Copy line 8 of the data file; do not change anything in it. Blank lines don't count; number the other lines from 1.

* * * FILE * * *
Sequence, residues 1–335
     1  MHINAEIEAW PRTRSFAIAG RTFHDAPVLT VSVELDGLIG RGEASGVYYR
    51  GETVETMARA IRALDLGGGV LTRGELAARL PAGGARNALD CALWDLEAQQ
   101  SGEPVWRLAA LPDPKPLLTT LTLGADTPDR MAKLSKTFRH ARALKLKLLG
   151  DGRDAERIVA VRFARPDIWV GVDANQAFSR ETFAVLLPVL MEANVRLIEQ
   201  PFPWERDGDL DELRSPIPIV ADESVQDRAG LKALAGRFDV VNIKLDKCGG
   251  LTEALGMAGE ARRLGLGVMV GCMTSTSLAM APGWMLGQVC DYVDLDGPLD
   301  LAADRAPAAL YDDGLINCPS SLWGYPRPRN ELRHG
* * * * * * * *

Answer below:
   301  LAADRAPAAL YDDGLINCPS SLWGYPRPRN ELRHG